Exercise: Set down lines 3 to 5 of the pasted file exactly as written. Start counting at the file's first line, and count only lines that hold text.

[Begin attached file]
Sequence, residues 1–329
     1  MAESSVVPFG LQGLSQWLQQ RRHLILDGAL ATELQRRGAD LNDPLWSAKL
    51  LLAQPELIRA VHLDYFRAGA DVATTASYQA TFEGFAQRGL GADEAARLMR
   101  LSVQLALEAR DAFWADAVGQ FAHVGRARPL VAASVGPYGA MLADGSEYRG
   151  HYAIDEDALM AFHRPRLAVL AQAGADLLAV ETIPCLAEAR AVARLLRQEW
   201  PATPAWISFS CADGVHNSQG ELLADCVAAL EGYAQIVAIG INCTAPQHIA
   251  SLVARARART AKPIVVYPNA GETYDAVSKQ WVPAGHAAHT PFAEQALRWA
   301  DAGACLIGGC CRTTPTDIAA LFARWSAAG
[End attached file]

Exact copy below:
    51  LLAQPELIRA VHLDYFRAGA DVATTASYQA TFEGFAQRGL GADEAARLMR
   101  LSVQLALEAR DAFWADAVGQ FAHVGRARPL VAASVGPYGA MLADGSEYRG
   151  HYAIDEDALM AFHRPRLAVL AQAGADLLAV ETIPCLAEAR AVARLLRQEW